WASHINGTON — Sen. Barack Obama staked a claim to the Democratic presidential nomination on Tuesday, sweeping Oregon but getting trounced by Sen. Hillary Clinton in Kentucky, exposing problems he might face in winning middle-class white votes in the fall campaign.
Obama traveled to Iowa, the swing state that handed him his first victory — crucial to establishing his viability — to mark at an outdoor rally in Des Moines the milestone of having won the majority of pledged delegates. He said he is “within reach” of the nomination, though he is short of the 2,026 delegates needed to clinch.
With party unity vital to Obama if he is to beat GOP presumptive nominee Sen. John McCain, Obama praised Clinton.
“We have had our disagreements during this campaign, but we all admire her courage and her commitment and her perseverance and no matter how this primary ends, Sen. Clinton has shattered myths and broken barriers and changed the America in which my daughters and yours will come of age.”
The Obama campaign emphasized his winning the majority of all the elected delegates Tuesday night as part of his drive for the support of the remaining superdelegates — public officials and elected officials — Obama needs to win.
With his wife, Michelle, and two daughters with him, Obama talked about his presidential journey.
“Change is coming to America, Iowa,” Obama said. “. . . That’s what I’ve seen here in Iowa. That’s what is happening in America — our journey may be long, our work will be great, but we know in our hearts we are ready for change, we are ready to come together, and in this election, we are ready to believe again.”
While the long primary campaign is winding down, Clinton campaign spokesman Howard Wolfson said Obama was declaring a premature victory, as Clinton pledged to keep on going through June 3, the last of the nominating contests.
By the time this historic Democratic primary contest is concluded, voters in all 50 states and the territories will have chosen either the first African American or first female to be a viable contender.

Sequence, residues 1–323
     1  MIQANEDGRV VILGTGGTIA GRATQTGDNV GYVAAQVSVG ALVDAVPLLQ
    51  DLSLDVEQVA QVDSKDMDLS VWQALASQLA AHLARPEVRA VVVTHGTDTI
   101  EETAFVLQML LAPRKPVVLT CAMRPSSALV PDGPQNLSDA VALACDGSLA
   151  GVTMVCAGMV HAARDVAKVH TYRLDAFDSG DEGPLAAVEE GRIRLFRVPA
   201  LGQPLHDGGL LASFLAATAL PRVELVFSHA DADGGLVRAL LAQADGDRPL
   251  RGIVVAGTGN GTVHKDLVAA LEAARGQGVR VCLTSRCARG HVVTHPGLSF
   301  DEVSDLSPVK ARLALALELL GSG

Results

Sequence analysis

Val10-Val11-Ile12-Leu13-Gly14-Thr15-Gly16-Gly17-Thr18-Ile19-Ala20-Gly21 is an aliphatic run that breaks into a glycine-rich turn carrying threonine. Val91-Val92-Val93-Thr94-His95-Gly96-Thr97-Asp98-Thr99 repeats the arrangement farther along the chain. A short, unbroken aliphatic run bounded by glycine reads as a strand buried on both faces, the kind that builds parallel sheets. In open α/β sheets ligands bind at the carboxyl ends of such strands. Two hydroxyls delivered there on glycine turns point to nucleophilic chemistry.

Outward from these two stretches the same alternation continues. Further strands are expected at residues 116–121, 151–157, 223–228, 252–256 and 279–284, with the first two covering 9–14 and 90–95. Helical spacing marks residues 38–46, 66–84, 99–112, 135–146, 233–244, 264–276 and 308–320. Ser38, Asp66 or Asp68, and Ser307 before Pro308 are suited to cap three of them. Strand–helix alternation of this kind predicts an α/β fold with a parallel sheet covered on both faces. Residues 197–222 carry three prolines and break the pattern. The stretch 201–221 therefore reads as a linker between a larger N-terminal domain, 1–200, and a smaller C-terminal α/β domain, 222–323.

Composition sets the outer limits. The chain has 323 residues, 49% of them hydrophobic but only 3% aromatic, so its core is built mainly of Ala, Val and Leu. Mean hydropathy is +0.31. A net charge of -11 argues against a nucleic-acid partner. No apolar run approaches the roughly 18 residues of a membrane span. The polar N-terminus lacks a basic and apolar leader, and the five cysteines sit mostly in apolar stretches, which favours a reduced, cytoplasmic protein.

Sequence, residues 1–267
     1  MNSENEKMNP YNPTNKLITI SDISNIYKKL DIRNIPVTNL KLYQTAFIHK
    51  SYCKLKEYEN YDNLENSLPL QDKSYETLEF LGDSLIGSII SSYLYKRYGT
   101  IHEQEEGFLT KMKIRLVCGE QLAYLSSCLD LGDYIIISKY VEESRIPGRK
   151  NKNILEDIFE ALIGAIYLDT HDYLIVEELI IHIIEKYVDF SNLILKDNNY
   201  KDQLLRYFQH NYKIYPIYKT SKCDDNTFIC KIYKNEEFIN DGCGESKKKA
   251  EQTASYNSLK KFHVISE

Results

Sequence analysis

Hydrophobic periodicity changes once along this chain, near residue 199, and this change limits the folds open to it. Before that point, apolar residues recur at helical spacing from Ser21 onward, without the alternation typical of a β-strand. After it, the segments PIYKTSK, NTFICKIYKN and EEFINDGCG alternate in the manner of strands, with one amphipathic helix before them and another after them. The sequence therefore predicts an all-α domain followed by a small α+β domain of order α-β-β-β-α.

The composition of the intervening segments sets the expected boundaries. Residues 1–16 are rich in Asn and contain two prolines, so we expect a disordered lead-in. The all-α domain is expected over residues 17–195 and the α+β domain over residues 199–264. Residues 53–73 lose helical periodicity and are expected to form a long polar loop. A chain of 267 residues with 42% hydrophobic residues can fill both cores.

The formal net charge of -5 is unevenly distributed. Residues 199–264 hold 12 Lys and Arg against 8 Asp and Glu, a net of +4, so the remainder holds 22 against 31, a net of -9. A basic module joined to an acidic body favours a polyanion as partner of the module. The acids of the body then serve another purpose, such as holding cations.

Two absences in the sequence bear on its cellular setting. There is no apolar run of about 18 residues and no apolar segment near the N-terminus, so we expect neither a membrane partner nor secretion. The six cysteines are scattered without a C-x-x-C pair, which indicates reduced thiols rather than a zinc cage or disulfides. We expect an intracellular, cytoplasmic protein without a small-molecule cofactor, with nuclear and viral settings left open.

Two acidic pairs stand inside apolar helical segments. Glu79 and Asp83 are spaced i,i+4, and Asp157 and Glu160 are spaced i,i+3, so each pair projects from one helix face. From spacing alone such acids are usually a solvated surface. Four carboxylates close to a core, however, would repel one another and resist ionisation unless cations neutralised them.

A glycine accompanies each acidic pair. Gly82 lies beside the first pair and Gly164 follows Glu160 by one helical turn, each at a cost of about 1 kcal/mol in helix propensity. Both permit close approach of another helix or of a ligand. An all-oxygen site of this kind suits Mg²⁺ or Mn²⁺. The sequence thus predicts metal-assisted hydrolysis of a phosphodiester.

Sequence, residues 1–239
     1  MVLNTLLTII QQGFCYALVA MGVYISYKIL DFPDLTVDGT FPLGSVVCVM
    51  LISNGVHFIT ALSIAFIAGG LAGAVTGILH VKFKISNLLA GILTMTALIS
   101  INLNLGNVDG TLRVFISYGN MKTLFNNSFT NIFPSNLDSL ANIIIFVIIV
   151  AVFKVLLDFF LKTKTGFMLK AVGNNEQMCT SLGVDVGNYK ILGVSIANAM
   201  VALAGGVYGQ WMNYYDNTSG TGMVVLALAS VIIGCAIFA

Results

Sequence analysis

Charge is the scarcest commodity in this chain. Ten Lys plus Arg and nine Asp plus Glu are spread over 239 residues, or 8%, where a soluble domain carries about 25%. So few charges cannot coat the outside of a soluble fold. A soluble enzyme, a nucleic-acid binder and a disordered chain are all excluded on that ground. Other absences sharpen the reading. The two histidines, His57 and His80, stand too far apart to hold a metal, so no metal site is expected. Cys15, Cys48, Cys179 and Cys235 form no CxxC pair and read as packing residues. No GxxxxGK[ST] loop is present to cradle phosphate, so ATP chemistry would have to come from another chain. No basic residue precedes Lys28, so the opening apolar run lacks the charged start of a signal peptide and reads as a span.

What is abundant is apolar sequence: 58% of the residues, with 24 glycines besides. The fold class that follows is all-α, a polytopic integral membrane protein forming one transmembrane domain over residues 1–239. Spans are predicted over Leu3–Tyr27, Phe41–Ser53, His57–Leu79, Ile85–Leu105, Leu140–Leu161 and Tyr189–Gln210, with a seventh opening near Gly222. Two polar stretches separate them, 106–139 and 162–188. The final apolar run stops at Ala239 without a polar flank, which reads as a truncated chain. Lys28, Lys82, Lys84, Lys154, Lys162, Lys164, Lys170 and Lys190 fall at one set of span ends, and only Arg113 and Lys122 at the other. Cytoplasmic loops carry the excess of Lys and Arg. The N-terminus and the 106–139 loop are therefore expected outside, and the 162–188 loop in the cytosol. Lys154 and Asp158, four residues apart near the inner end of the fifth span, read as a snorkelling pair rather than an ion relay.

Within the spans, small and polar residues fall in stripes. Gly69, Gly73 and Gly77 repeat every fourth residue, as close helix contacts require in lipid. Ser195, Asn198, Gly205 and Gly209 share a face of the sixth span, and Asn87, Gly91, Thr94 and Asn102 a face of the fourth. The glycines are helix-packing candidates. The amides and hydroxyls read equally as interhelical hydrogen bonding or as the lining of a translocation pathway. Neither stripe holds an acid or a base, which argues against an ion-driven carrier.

Clinton celebrated her big Kentucky landslide, 65 percent for her to 30 percent for Obama, in Louisville.
In Oregon, where Obama wound up his campaign with a massive rally of 75,000, he was beating Clinton 58 percent to 42 percent.
With votes still to be cast in Montana, South Dakota and Puerto Rico and the Democratic National Committee grappling with what to do with the disputed delegates from Michigan and Florida — punished because the states voted early, against party rules — Clinton said, “That’s why I am going to keep making our case until we have a nominee, whoever she may be.”
Obama needs only about 100 more delegates to secure the nomination based on the existing rules. Clinton’s only prayer is convincing the DNC rules and bylaws committee — meeting at the end of the month — to seat the Michigan and Florida delegates according to a formula that favors her. Even if she prevails, Obama is far enough ahead that he may win even without Florida.
Obama’s win in the Iowa caucus vote — in a nearly all-white state — was important because it demonstrated his broad appeal to whites and convinced skeptical blacks that the nation was ready to accept the biracial Obama. But race did become a factor in the more recent contests.
Kentucky exit polls showed seven in 10 whites voted for Clinton. Only one-third of Clinton backers said they would vote for Obama, with another 40 percent defecting to McCain and the rest saying they would stay home.